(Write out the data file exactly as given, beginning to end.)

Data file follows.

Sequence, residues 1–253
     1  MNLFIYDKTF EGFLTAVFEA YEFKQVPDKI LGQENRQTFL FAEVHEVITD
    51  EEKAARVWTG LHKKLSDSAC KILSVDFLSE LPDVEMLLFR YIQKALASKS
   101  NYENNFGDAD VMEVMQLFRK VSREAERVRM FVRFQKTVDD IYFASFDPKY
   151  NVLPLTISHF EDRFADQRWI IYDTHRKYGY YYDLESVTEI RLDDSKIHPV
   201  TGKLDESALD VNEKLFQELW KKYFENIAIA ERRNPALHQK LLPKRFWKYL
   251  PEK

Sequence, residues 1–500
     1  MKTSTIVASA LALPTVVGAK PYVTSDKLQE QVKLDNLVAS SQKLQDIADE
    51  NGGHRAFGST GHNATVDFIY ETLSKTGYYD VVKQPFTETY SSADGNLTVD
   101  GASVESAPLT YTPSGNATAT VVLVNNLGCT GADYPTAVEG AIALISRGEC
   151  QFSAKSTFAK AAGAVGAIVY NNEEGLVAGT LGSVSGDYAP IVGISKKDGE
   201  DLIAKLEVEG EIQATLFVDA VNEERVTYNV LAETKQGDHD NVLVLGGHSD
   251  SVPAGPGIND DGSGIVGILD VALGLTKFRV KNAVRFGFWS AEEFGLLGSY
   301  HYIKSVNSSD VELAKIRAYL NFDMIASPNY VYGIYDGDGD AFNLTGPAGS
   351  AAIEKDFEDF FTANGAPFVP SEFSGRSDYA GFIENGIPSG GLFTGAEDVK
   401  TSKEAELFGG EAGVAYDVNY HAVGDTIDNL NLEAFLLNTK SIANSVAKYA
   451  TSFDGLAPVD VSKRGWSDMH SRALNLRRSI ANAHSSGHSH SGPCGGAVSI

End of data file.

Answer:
Sequence, residues 1–253
     1  MNLFIYDKTF EGFLTAVFEA YEFKQVPDKI LGQENRQTFL FAEVHEVITD
    51  EEKAARVWTG LHKKLSDSAC KILSVDFLSE LPDVEMLLFR YIQKALASKS
   101  NYENNFGDAD VMEVMQLFRK VSREAERVRM FVRFQKTVDD IYFASFDPKY
   151  NVLPLTISHF EDRFADQRWI IYDTHRKYGY YYDLESVTEI RLDDSKIHPV
   201  TGKLDESALD VNEKLFQELW KKYFENIAIA ERRNPALHQK LLPKRFWKYL
   251  PEK

Sequence, residues 1–500
     1  MKTSTIVASA LALPTVVGAK PYVTSDKLQE QVKLDNLVAS SQKLQDIADE
    51  NGGHRAFGST GHNATVDFIY ETLSKTGYYD VVKQPFTETY SSADGNLTVD
   101  GASVESAPLT YTPSGNATAT VVLVNNLGCT GADYPTAVEG AIALISRGEC
   151  QFSAKSTFAK AAGAVGAIVY NNEEGLVAGT LGSVSGDYAP IVGISKKDGE
   201  DLIAKLEVEG EIQATLFVDA VNEERVTYNV LAETKQGDHD NVLVLGGHSD
   251  SVPAGPGIND DGSGIVGILD VALGLTKFRV KNAVRFGFWS AEEFGLLGSY
   301  HYIKSVNSSD VELAKIRAYL NFDMIASPNY VYGIYDGDGD AFNLTGPAGS
   351  AAIEKDFEDF FTANGAPFVP SEFSGRSDYA GFIENGIPSG GLFTGAEDVK
   401  TSKEAELFGG EAGVAYDVNY HAVGDTIDNL NLEAFLLNTK SIANSVAKYA
   451  TSFDGLAPVD VSKRGWSDMH SRALNLRRSI ANAHSSGHSH SGPCGGAVSI